In the final chapter of the book, Hellerman makes some suggestions for returning to Paul’s vision for authentic ministry. It is no surprise at this point in the book that Hellerman argues that the church ought to have a “cruciform vision” for ministry. Rather than a CEO pastor, he advocates a “community of leaders” who together work as servant leaders who urge one another toward spiritual maturity and greater accountability. Just as Jesus set aside his honor and status as God in order to be a servant, Paul told his churches to set their own honor and status aside to serve one another. For Hellerman, that is the only effective model for the church today (p. 286).

Conclusion. What I find remarkable is that this book published by Kregel Ministry. It certainly is a book that pastors ought to read and the application of the book is important for developing vital ministry that seeks to live out the model of Jesus as the ultimate servant in modern communities. But this is not some sort of a post-emergent “let’s get back to Jesus” book. Nor is this book a popular leadership manual with plenty of pithy quotes and trendy jargon. Hellerman presents the data from the Roman world, applies it to the letter to the Philippians in order to tease out the nuances of the text modern readers simply miss. He then bridges the gap between that world and the modern world in order to challenge modern churches to follow Christ in a more authentic fashion.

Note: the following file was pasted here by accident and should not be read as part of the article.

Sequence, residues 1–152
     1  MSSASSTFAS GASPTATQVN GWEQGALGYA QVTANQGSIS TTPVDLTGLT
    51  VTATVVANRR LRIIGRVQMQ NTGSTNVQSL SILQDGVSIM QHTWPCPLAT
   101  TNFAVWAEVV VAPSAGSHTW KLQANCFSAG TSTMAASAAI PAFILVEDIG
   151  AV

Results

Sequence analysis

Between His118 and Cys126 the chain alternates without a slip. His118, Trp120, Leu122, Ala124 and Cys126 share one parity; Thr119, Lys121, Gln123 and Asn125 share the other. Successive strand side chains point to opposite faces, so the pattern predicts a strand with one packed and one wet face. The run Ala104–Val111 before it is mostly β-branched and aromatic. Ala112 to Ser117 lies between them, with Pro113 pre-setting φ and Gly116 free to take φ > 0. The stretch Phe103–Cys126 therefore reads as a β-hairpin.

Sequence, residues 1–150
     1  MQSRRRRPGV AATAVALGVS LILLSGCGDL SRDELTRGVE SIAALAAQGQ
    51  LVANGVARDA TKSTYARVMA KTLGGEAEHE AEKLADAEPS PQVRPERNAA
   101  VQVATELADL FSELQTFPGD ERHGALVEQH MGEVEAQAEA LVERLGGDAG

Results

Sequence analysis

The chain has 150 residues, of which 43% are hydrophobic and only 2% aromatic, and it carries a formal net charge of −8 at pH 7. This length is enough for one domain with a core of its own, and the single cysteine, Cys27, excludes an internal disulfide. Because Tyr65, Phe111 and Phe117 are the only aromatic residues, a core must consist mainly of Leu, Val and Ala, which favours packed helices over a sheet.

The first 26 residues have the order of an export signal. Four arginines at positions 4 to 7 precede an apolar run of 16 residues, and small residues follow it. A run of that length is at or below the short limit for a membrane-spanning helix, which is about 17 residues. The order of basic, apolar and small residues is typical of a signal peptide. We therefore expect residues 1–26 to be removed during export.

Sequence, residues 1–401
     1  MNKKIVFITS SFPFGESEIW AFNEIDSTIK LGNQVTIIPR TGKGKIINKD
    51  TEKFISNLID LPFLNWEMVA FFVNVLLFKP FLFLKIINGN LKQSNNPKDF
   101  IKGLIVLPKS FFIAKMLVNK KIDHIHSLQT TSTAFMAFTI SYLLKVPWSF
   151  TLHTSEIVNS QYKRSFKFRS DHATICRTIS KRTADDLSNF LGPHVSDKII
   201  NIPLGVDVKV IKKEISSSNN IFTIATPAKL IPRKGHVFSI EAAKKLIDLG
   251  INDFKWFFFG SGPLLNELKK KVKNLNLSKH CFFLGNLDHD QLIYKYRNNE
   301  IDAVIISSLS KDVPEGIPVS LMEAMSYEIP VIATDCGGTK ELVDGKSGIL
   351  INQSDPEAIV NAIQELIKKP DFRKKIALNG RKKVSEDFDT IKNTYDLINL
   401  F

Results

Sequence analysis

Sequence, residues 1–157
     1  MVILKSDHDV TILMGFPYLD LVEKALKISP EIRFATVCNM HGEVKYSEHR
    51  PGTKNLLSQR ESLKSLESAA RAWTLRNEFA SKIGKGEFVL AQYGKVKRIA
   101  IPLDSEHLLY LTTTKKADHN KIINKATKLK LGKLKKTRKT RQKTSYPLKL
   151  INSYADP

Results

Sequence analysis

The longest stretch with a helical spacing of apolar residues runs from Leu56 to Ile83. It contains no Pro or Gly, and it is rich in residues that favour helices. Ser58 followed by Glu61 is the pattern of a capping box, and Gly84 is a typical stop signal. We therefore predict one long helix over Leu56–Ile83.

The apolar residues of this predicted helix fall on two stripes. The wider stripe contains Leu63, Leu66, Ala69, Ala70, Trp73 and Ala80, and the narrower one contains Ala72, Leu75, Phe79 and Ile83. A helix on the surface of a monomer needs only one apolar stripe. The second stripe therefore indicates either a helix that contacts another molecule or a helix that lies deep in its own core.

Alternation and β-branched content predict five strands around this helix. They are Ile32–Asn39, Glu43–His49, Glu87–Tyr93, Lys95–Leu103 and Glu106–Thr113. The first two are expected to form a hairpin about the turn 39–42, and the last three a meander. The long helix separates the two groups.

I think that this book will appeal to scholars who study Greco-Roman backgrounds to the New Testament. Do not ignore this book because it was published in a ministry series since it collects most of the data from Reconstructing Honor in a handy (and less expensive) format. Pastors may find this a challenging read, but there is a treasury of background material here that will enhance teaching and preaching of the letter to the Philippians.

NB: Thanks to Kregel for kindly providing me with a review copy of this book. This did not influence my thoughts regarding the work.

1 Corinthians 11:2-16 – Praying with Heads Covered

Nero as Priest

William M. Ramsay on cites Dio Chrysostom to the effect that the custom of women going veiled in Tarsus was an oriental and non-Greek custom, Paul is merely reflecting his own (Jewish) background by requiring women wear head coverings (The Cities of St. Paul, 201-5).  Because of the popularity of Ramsey’s works on Paul, this theory is often repeated in modern commentaries, but it seems odd that Paul would impose this one Jewish custom on congregations when he frees them from so many other Jewish customs.

The application of this rather obscure command is usually some vague platitude that women should be dressed modestly.  If the culture includes head coverings in this then the woman ought to not offend the culture.  No one ever points out that if this is the true application, then a woman visiting a culture which is comfortable with public nudity is free to “fit right in” when they visit the beach!

I seriously doubt that modesty is the issue Paul is trying to get at in 1 Corinthians 11.  There is clear evidence in the Greco-Roman world of prostitutes wearing head coverings.  There are several artistic representations of groups of women with or without head coverings.  There is simply no evidence that head coverings were universal in the Greco-Roman world!